Department of Physiology,
University of South Alabama
College of Medicine
Mobile, AL 36688
B.S., North Carolina State University
M.S., University of Kentucky
Ph.D., University of North Carolina
Control of the volume of surface liquid which covers the pulmonary epithelium is critical for normal mucociliary clearance and for efficient gas exchange. The role that active transepithelial ion transport plays as a driving force for liquid movement across the pulmonary airways is currently under study. We measure the bioelectric properties of isolated bronchi and bronchioles as correlates of active ion transport activity. We then use selective transport inhibitors and stimulators to determine which transport pathways are present and how these processes are regulated. In persons afflicted with cystic fibrosis (CF), a molecular defect in an epithelial chloride channel is present that leads to a myriad of pathological problems, the most critical of which involves secretion of thickened, dehydrated mucus into the airways. A major focus of our research is to determine how such defects in chloride ion transport are mechanistically related to the development of the symptoms observed in cystic fibrosis patients. Our findings suggest that fluid secretion from the submucosal glands of the trachea and bronchial airways is disrupted in CF, leading to the production of a highly concentrated mucus that is poorly cleared from the airways by cough or by mucociliary transport. We use techniques for measuring liquid secretion, mucociliary transport, and ciliary beat frequency to determine the importance of interactions between periciliary fluid, mucus, and cilia at the airway surface for maintaining normal ciliary clearance. We also model important aspects of CF lung disease in porcine isolated lungs by perfusing the vasculature with selective inhibitors of anion secretion. We are now expanding our studies by exploring new ways to model CF lung disease including use of in vitro (siRNA) and in vivo (screening non-humam animal populations for mutant CFTR) approaches. We believe that our findings are of great importance for understanding the underlying cause of CF lung disease and for development of effective treatments.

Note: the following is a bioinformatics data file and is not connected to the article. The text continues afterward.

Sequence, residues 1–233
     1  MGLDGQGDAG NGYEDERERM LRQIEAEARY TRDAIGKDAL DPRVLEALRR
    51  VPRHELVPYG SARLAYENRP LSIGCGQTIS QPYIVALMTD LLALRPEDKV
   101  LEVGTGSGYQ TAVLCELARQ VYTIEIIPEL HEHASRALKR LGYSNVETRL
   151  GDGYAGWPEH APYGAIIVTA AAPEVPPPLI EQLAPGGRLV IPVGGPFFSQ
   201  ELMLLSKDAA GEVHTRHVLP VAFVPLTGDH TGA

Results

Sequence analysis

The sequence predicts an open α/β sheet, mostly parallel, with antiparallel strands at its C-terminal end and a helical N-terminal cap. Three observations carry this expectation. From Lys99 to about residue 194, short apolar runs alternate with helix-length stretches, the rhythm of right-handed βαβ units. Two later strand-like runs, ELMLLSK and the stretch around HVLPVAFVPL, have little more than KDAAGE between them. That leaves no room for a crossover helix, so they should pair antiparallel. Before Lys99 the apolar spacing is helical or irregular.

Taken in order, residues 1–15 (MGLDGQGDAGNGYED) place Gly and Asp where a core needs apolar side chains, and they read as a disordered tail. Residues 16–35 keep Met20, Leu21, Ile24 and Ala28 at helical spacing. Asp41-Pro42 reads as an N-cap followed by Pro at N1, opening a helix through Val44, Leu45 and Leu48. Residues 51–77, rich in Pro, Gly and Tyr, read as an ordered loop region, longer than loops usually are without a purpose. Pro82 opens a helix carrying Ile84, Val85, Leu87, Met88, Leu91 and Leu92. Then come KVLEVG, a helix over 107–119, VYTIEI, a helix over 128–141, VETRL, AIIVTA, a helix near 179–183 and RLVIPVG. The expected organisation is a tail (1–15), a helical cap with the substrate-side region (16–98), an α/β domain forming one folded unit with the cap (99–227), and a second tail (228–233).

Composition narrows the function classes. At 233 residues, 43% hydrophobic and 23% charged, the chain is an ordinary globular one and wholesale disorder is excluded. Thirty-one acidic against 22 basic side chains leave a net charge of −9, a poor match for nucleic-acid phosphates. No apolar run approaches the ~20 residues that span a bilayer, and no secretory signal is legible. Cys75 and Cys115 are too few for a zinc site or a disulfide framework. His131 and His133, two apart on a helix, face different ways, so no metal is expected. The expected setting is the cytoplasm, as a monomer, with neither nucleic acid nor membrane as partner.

If you would like to know more about my work, or if you are interested in graduate or post-graduate studies in my laboratory, please feel free to e-mail me at firstname.lastname@example.org.
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